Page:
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LIC Class III: Westhampton’s Liam McIntyre goes from broken finger to big finish

Westhampton football defeated Lawrence, 54-26, to win its first Long Island Championship at LaValle Stadium at Stony Brook University on Sunday, Nov. 26, 2017. Dylan Laube broke the record for touchdowns in a season. Westhampton coach Bill Parry gets drenched. (Credit: Newsday/Melissa Kramer).

Had Liam McIntyre gone with the first opinion given to him by a doctor after he broke his left index finger in Week 1, he wouldn’t have been on the field for Westhampton, holding the Long Island Class III championship plaque high overhead.

The junior captain said the doctor wanted to operate and put a plate over the break, which would have sidelined him for the season. Instead, another doctor suggested setting the bone back in place and then wearing a cast.

He opted for that and returned in Week 5 — and all of his hard work paid off in Westhampton’s 54-26 win over Lawrence on Sunday at Stony Brook’s LaValle Stadium. He ran for 77 yards and a touchdown on 14 carries and recorded eight tackles and two sacks as Westhampton won its first Long Island championship.

“I don’t think I’ve ever cried from winning something,” he said. “I just cried on the sideline before. It’s a sick feeling right now.”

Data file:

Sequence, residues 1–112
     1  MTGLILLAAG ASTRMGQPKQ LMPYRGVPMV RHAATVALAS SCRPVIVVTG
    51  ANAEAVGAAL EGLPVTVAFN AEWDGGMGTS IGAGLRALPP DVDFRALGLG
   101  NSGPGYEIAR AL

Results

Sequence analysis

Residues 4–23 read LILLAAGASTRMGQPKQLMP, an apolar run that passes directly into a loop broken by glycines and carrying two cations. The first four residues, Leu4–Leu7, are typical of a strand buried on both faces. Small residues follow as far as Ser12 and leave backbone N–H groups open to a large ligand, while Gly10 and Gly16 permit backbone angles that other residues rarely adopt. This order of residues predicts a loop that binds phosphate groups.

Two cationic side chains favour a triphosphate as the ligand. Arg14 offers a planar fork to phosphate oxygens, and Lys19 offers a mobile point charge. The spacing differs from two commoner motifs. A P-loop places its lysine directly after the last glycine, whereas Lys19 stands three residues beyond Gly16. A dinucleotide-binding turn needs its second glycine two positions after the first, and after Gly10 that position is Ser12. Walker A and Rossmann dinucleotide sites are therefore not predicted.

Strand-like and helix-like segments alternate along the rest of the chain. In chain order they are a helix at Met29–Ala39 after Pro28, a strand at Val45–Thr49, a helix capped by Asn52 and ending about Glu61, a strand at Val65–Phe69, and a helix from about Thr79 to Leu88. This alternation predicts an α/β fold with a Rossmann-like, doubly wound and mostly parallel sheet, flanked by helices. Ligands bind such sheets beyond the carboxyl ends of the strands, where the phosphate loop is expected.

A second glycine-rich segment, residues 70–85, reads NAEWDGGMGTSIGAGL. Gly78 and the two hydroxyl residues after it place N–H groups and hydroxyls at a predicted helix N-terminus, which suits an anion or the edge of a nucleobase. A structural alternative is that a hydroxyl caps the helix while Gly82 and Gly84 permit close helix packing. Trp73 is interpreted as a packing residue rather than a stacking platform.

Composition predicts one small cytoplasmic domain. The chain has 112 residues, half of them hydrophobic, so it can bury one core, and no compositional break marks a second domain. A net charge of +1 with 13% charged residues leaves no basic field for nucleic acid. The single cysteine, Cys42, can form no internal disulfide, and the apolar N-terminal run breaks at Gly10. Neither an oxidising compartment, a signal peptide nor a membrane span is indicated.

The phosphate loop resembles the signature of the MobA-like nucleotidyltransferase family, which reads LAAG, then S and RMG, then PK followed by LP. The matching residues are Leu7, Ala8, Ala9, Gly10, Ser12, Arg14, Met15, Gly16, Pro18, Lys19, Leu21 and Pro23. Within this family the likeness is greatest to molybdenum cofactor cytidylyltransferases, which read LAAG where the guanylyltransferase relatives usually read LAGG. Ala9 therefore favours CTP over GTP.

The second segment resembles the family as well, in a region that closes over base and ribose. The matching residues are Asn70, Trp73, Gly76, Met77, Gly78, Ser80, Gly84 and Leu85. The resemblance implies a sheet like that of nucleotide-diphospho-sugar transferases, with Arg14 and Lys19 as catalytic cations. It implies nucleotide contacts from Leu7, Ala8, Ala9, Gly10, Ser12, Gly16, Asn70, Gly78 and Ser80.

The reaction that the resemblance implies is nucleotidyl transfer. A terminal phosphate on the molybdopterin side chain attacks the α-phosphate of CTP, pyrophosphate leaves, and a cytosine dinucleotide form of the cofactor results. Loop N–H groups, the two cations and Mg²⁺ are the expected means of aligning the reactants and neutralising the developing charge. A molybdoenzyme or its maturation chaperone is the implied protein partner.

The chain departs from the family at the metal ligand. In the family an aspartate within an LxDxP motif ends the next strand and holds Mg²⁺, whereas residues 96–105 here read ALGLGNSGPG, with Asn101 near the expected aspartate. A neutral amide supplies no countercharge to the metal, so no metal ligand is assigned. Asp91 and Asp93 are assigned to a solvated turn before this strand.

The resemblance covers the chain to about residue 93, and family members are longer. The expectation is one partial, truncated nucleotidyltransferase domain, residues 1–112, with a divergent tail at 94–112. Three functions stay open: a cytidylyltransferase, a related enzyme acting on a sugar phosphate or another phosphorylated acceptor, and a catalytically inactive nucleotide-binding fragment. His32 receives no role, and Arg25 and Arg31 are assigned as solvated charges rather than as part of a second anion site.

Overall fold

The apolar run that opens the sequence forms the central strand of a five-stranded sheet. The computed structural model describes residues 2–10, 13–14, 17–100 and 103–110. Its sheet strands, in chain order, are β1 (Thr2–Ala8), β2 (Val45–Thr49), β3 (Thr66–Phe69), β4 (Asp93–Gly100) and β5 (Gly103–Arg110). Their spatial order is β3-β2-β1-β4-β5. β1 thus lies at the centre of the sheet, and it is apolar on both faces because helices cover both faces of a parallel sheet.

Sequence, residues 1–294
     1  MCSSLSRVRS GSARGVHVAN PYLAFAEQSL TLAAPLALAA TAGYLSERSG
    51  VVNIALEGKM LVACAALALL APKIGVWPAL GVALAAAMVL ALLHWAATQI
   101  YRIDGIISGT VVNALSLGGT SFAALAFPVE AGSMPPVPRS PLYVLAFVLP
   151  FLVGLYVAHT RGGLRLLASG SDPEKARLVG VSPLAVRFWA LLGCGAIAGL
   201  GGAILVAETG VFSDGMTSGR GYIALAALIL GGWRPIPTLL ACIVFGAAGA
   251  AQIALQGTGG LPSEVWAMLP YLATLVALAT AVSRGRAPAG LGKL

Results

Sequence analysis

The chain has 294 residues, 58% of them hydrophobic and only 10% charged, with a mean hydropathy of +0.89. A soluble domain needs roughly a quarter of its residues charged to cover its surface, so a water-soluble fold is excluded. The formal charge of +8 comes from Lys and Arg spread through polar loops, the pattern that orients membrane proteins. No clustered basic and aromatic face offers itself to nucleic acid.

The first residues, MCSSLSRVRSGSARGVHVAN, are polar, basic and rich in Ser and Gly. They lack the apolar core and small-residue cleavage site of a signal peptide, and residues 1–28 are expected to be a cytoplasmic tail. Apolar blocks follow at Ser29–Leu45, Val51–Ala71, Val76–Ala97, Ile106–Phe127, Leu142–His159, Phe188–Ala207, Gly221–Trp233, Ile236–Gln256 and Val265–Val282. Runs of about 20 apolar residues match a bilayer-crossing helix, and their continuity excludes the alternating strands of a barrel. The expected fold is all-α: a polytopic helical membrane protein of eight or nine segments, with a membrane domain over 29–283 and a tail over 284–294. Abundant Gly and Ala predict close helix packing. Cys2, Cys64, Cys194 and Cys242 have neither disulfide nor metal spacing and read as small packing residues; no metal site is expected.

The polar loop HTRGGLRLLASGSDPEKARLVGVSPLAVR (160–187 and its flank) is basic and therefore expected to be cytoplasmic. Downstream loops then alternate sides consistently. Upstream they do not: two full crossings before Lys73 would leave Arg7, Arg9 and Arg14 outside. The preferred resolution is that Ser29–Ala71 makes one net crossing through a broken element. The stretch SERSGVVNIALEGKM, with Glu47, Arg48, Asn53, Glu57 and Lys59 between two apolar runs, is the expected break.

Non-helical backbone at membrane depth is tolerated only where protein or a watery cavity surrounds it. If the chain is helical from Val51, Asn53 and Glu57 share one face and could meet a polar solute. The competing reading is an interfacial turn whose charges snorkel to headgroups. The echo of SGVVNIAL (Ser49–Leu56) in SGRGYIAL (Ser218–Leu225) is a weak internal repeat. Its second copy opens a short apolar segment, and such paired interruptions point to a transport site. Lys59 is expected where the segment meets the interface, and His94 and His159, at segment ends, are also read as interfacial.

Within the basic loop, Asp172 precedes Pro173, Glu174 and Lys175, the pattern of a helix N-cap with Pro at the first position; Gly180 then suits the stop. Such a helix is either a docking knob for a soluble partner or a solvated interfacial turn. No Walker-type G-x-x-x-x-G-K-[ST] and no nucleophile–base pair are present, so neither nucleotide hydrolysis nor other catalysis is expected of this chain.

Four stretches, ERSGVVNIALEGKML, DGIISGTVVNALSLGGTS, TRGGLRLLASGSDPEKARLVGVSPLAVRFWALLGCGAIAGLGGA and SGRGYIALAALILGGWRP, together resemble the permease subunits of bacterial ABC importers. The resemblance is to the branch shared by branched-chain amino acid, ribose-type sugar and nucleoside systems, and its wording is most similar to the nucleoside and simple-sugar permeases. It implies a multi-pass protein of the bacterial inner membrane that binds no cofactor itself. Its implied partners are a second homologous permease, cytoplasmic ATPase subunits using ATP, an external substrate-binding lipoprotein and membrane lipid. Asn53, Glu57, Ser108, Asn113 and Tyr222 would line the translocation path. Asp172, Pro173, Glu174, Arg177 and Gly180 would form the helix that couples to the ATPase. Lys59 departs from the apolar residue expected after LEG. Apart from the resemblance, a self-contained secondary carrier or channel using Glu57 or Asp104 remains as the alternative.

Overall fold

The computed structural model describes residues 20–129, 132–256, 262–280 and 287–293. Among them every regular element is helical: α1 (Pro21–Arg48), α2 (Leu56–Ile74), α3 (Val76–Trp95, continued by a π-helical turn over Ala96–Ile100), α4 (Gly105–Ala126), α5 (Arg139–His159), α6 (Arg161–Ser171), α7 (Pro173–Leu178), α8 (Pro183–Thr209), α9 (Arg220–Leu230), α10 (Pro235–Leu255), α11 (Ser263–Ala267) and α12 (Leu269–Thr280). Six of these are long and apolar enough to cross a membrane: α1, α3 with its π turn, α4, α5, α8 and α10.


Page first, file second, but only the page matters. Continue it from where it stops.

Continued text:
Hurricanes’ O-line paves the way

Westhampton racked up 379 yards on 48 rushes, outgaining Lawrence’s total yardage. Dylan Laube rushed for 227 yards and six touchdowns, McIntyre had 77, Tyler Nolan had 61 and Clarke Lewis had 14.

Behind that rushing attack was the offensive line of Charles Fee, Jake Bennett, Edon Popi, Kurt Mion and Lucas Villareale. They helped the Hurricanes’ prolific offense post impressive numbers all season and were integral in Laube’s 47 touchdowns, a Long Island single-season record. He had six on Sunday.

“It’s amazing just to know that we were getting it done even if he was getting the glory, knowing we caused that, we were a big part of that,” said the 6-4, 295-pound Fee, who also converted six of eight extra-point attempts.

He said he became the team’s kicker when the starter got hurt three days before the first game of the season. A lifelong soccer player, Fee kicked low line drives through the uprights instead of the traditional, high-arching variety.

Lawrence’s turning point

Golden Tornadoes coach Joe Martillotti said the turning point came near the end of the first half with his team trailing 20-6. Quarterback Christian Fredericks handed the ball off to Chris Collier, who immediately executed a jump pass to Christian Rodas.

Rodas sprinted 60 yards for what appeared to be a touchdown with time winding down, but a penalty reduced the play to only a 17-yard gain. Lawrence didn’t score before the half.

Fredericks excelled, rushing for 30 yards and completing 12 of 22 passes for 142 yards and a touchdown.

“He made some good throws,” Martillotti said. “We needed a few more.”

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